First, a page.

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Article
Publication date: 12 June 2017

Murad Mohammed Al-Nashmi and Abdulkarim Abdullah Almamary

In an effort to build a useful conceptual framework that enhances understanding and permits practical application of ethics, this paper aims to understand the relationship and…

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Abstract

Purpose

In an effort to build a useful conceptual framework that enhances understanding and permits practical application of ethics, this paper aims to understand the relationship and impact of Islamic marketing ethics on brand credibility. Nowadays, recognizing the ethical dilemmas associated with business is an important aspect of marketing strategy (Murphy et al. 2012). As known, the pharmaceutical industry has access to a deep pool of resources with the potential to maintain an esteemed reputation for offering innovative products that improve the public’s health and well-being (Kim and Ball, 2013). However, recent years have yielded several high-profile safety issues associated with particular medications along with a growing perception that pharmaceutical companies are unethical and drive up healthcare costs by prioritizing profits over consumer needs (USA Today/KFF/Harvard SPH, 2008). Therefore, the reputation of the pharmaceutical industry has been damaged with only 11 per cent of individuals considering pharmaceutical companies to be trustworthy (Harris Interactive Poll, 2010). Thus, the pharmaceutical industry in Yemen is the target of this paper and the relationship between its brands’ credibility and Islamic marketing ethics has been highlighted.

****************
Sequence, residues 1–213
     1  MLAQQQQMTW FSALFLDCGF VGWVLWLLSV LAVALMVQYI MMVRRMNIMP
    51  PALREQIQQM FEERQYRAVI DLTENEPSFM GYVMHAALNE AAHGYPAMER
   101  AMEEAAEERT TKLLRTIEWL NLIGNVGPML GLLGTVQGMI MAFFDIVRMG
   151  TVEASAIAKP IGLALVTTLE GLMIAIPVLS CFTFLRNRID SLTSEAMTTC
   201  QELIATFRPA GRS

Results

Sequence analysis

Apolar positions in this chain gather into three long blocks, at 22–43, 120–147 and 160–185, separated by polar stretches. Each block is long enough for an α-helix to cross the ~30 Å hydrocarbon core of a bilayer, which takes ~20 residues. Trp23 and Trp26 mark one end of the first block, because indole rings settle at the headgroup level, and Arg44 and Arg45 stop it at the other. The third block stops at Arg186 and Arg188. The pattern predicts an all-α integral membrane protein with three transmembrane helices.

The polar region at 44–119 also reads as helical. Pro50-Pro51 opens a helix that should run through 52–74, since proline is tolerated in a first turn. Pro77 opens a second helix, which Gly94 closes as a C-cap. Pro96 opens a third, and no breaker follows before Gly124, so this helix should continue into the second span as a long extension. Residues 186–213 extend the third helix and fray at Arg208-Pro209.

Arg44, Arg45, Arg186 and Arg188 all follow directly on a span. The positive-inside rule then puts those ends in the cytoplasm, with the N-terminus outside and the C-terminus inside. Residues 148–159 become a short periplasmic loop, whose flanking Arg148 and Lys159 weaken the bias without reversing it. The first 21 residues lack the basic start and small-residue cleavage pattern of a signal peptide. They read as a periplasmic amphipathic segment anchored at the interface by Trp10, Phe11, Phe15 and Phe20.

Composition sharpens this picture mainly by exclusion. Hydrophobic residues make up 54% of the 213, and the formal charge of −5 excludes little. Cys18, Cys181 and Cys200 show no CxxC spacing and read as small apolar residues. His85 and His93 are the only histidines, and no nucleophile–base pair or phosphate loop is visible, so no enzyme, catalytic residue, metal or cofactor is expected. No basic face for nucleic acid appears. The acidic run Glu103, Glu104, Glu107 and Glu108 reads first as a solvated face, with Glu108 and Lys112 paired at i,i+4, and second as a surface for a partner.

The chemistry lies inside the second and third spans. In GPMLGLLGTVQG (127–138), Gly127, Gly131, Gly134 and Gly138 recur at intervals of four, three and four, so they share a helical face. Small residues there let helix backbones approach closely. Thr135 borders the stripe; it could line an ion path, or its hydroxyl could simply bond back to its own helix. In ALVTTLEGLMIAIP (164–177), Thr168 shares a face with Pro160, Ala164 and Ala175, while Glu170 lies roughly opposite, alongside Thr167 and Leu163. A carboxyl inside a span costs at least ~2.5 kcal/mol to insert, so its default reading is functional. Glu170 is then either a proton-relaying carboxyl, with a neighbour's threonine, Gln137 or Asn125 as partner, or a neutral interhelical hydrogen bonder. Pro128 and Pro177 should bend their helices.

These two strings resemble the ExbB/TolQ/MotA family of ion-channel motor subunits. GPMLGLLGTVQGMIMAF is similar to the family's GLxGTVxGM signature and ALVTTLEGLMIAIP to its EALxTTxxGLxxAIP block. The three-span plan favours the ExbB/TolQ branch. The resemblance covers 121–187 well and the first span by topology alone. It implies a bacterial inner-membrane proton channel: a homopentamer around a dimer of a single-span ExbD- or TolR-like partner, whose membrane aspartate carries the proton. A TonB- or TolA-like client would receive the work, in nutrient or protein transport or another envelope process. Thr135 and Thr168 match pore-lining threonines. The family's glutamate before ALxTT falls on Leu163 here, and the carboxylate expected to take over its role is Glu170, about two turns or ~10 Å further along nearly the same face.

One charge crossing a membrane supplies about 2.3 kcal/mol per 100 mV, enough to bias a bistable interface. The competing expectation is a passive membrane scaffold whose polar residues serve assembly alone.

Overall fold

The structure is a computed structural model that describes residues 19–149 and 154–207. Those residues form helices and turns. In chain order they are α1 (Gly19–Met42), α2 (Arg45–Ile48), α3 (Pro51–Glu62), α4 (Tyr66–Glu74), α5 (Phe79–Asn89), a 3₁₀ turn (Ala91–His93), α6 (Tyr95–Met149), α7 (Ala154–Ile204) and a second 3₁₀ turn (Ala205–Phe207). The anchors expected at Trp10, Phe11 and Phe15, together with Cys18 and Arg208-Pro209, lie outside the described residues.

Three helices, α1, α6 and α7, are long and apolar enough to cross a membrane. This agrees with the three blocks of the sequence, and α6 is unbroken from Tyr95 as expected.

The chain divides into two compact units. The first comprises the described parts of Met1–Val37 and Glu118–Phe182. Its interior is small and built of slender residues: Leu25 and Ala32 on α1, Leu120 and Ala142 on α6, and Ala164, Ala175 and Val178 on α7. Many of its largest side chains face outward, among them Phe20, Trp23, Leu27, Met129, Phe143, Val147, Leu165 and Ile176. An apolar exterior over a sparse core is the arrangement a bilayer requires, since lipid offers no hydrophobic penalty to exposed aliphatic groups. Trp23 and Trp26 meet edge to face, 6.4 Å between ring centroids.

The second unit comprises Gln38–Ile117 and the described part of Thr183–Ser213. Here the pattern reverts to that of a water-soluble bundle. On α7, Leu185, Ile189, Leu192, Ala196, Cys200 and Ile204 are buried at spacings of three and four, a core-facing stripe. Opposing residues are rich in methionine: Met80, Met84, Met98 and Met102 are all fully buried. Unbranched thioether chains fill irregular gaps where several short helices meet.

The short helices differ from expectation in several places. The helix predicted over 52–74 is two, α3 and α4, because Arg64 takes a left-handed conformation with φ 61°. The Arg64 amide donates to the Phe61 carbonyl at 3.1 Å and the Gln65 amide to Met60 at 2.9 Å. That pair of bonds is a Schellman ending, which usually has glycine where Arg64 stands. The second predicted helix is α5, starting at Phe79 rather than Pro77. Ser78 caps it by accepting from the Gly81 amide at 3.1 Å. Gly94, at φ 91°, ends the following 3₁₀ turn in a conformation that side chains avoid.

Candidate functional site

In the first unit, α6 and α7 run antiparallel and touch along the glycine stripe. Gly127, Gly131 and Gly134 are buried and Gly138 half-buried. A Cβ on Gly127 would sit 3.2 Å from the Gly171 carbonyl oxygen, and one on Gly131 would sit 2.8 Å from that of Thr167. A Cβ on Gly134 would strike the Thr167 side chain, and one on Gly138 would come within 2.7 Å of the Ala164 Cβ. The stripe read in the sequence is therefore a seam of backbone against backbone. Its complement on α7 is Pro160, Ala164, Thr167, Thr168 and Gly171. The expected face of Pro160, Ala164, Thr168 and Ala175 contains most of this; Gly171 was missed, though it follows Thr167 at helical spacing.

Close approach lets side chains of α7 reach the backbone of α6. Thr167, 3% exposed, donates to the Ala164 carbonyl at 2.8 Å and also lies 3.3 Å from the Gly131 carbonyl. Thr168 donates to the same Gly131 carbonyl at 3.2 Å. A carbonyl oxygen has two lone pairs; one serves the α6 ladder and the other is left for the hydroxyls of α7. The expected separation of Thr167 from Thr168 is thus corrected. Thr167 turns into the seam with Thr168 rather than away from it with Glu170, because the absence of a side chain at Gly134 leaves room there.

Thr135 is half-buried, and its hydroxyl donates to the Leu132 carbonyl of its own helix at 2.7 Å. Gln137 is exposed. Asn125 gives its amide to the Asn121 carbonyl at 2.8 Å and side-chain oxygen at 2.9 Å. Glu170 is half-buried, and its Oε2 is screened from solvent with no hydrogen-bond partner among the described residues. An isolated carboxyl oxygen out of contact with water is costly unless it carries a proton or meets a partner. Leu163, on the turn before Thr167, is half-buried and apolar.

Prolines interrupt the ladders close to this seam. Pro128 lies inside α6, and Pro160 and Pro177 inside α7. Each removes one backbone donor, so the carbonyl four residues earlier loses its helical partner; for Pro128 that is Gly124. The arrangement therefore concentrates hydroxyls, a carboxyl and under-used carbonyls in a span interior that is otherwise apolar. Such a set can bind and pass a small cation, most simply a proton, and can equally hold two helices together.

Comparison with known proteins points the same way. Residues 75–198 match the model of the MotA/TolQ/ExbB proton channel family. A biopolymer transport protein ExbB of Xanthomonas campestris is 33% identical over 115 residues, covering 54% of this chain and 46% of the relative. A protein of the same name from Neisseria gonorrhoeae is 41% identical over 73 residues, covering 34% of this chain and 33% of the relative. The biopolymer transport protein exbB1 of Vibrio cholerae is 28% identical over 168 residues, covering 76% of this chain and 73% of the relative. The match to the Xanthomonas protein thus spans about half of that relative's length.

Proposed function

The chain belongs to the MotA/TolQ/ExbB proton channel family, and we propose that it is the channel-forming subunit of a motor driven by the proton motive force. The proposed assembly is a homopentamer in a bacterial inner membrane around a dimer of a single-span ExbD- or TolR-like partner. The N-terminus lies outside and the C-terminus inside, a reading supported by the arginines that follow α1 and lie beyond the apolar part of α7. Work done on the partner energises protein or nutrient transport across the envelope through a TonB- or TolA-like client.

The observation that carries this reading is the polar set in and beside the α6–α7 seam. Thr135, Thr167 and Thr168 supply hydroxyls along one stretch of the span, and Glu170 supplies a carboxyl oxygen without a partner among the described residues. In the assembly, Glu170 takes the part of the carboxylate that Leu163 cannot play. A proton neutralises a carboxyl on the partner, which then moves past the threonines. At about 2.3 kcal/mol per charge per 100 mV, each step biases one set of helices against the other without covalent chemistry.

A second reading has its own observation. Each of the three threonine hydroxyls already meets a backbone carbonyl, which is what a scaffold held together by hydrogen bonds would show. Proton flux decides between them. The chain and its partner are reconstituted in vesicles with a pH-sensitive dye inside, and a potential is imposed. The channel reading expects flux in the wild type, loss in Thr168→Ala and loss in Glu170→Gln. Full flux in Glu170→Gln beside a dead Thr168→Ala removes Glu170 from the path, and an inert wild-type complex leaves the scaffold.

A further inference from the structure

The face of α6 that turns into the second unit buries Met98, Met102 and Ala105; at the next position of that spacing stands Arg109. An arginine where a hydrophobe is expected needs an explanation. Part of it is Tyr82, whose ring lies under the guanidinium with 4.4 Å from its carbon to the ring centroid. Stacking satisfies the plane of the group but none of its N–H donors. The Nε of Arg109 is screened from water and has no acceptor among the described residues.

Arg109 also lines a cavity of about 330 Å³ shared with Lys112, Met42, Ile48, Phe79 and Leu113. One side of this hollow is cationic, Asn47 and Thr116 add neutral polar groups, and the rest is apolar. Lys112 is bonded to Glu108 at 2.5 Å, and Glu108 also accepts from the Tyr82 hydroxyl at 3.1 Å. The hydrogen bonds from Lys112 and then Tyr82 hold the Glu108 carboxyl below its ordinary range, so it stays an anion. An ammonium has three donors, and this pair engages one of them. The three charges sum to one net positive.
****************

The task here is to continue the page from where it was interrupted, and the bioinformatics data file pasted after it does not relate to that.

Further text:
Design/methodology/approach

In a study of 106 respondents, exploratory and confirmatory factor analysis were conducted to understand the relationship, between brand credibility and Islamic marketing ethics. Correlation and regression analyses were performed to evaluate the hypothesized relationships between the variables.

Findings

Significant and positive relationships were confirmed between brand credibility and Islamic marketing ethics, namely, Annasihah, Al-Istiqamah, Al-E’etedal, Al-Ihsan, As-Sidq, Attaqwa and Al-Amanah. The eighth Islamic marketing ethic, Attasamoh, has been rejected.

Originality/value

The paper evaluates brand credibility in relation to Islamic marketing ethics in the pharmaceutical industry in Yemen. Islamic marketing ethics have been confirmed as a new variable that correlates with brand credibility and helps in boosting the level of credibility.

Details

Journal of Islamic Marketing, vol. 8 no. 2
Type: Research Article
ISSN: 1759-0833

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